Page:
- Paperback: 250 pages
- Publisher: Cambridge University Press; 1 edition (February 8, 2010)
- Language: English
- ISBN-10: 0521745950
- ISBN-13: 978-0521745956
- Product Dimensions: 6 x 0.6 x 9 inches
- Shipping Weight: 14.9 ounces (View shipping rates and policies)
- Average Customer Review: 3 customer reviews
- Amazon Best Sellers Rank: #2,485,189 in Books (See Top 100 in Books)
Enter your mobile number or email address below and we'll send you a link to download the free Kindle App. Then you can start reading Kindle books on your smartphone, tablet, or computer - no Kindle device required.
To get the free app, enter your mobile phone number.
Darwinian Sociocultural Evolution: Solutions to Dilemmas in Cultural and Social Theory 1st Edition
Use the Amazon App to scan ISBNs and compare prices.
Across numerous disciplines, including biology, philosophy, sociology, anthropology, archaeology, linguistics, economics and political science, some theorists are proposing the existence of a Darwinian social learning-based inheritance and evolutionary theory. This multi-disciplinary paradigm is presented here along with how it can be used to address major theoretical dilemmas in social science.
About the Author
Marion Blute is Professor of Sociology at the University of Toronto at Mississauga where she teaches classical and contemporary theory and gene-culture coevolution to undergraduates. She also teaches contemporary theory in the university-wide graduate sociology programme. She has published in a wide variety of life and social science journals on evolutionary topics and has related interests in the philosophy and sociology of science. She is a member of the Editorial Advisory Board of Biological Theory and of the Editorial Board of Spontaneous Generations: A Journal for the History and Philosophy of Science.
Try the Kindle edition and experience these great reading features:
Showing 1-3 of 3 reviews
There was a problem filtering reviews right now. Please try again later.
I haven't researched Marion's background - but she seems to have a foot in anthropology, a foot in sociology and a foot in biology - making her a rare three-footed academic.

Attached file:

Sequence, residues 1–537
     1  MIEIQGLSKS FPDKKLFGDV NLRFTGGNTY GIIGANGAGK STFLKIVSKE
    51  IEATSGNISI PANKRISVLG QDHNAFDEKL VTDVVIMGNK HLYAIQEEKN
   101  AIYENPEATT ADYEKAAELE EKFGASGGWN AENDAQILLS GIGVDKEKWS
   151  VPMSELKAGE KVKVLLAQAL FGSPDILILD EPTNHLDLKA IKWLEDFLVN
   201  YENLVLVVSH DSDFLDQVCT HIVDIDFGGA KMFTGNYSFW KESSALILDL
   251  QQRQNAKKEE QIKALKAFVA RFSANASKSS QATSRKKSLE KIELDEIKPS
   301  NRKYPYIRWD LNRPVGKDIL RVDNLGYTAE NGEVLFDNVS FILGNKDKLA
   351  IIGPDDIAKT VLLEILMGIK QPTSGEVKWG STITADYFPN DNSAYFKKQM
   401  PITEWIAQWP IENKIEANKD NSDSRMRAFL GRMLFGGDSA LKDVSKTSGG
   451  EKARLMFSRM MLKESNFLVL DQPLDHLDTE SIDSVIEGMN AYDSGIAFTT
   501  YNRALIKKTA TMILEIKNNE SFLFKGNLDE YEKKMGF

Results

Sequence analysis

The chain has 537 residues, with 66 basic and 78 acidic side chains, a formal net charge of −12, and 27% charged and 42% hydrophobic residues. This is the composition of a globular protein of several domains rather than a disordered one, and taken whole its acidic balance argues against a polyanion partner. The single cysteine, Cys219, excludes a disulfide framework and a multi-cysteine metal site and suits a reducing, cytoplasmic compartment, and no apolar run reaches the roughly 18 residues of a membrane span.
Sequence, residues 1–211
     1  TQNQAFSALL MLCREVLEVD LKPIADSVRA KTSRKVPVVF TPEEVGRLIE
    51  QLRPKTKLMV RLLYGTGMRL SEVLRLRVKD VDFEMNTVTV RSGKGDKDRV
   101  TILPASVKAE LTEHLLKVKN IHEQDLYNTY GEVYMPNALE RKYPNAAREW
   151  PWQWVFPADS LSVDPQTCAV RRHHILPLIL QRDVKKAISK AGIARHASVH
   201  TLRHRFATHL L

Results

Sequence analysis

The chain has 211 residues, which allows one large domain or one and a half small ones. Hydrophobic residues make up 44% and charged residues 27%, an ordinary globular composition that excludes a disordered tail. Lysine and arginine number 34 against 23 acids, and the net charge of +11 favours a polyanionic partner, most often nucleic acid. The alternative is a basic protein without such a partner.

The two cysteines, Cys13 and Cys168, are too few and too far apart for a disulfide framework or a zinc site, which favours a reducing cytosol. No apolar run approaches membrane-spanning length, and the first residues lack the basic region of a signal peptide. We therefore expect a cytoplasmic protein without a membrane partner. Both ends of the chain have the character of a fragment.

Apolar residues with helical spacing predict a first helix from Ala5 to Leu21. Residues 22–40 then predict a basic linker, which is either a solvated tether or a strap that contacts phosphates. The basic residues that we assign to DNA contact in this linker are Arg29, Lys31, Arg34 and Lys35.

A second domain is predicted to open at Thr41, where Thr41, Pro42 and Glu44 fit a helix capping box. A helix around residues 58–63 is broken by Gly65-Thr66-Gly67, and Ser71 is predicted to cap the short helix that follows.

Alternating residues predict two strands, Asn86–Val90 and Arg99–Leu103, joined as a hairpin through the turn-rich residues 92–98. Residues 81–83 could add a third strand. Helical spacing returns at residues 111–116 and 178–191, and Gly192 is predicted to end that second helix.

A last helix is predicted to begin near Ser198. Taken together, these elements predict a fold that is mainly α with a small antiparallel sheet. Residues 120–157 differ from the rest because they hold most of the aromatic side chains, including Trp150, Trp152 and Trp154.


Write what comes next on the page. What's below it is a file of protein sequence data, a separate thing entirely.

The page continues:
The book doesn't bother too much with introductory material. It assumes that the reader already knows a fair amount about the topic and gets straight into the controversies and issues - as suggested by the subtitle. This kind of firehose presentation might not suit everyone, but other experts will probably appreciate it.
One thing I didn't get along with is the book's title. I take "social" and "cultural" to have different meanings and regard "sociocultural" as something of a mouthful that I rarely have cause to use. Marion didn't really convince me that putting these kinds of evolution under a terminological umbrella while excluding other kinds of evolution was particularly sensible.
Marion had a chapter on memes. It was fairly even handed and I didn't find too much to complain about there. Overall, I thought that Marion's strengths included a solid historical perspective, and a good mastery of the relevant literature. I didn't always agree with her positions, but they were presented using reasonable arguments.
Quite a lot of the cultural evolution literature seems to feature scientists copying each others positions. Marion gave me the impression of being an independent thinker - not a disciple of some particular tribe the the field. This was refreshing. By the end of the book I felt as though I had a lot in common with Marion.
I learned a bunch of interesting things from Marion's book. Perhaps other readers will feel that same. Great stuff!